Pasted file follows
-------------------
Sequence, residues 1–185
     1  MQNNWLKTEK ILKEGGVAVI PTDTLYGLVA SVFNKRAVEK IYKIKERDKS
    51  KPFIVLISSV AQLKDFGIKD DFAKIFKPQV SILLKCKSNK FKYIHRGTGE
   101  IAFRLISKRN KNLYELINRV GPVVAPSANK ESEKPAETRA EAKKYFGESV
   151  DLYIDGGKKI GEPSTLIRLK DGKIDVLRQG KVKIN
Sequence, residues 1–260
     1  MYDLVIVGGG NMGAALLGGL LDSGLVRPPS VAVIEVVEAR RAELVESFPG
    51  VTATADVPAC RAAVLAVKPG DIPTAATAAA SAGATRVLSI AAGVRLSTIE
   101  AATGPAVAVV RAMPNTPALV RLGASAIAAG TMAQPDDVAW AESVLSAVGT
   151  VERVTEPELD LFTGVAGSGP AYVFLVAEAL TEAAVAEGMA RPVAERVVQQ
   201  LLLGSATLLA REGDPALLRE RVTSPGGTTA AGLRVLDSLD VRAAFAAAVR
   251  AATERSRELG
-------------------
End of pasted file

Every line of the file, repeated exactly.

Sequence, residues 1–185
     1  MQNNWLKTEK ILKEGGVAVI PTDTLYGLVA SVFNKRAVEK IYKIKERDKS
    51  KPFIVLISSV AQLKDFGIKD DFAKIFKPQV SILLKCKSNK FKYIHRGTGE
   101  IAFRLISKRN KNLYELINRV GPVVAPSANK ESEKPAETRA EAKKYFGESV
   151  DLYIDGGKKI GEPSTLIRLK DGKIDVLRQG KVKIN
Sequence, residues 1–260
     1  MYDLVIVGGG NMGAALLGGL LDSGLVRPPS VAVIEVVEAR RAELVESFPG
    51  VTATADVPAC RAAVLAVKPG DIPTAATAAA SAGATRVLSI AAGVRLSTIE
   101  AATGPAVAVV RAMPNTPALV RLGASAIAAG TMAQPDDVAW AESVLSAVGT
   151  VERVTEPELD LFTGVAGSGP AYVFLVAEAL TEAAVAEGMA RPVAERVVQQ
   201  LLLGSATLLA REGDPALLRE RVTSPGGTTA AGLRVLDSLD VRAAFAAAVR
   251  AATERSRELG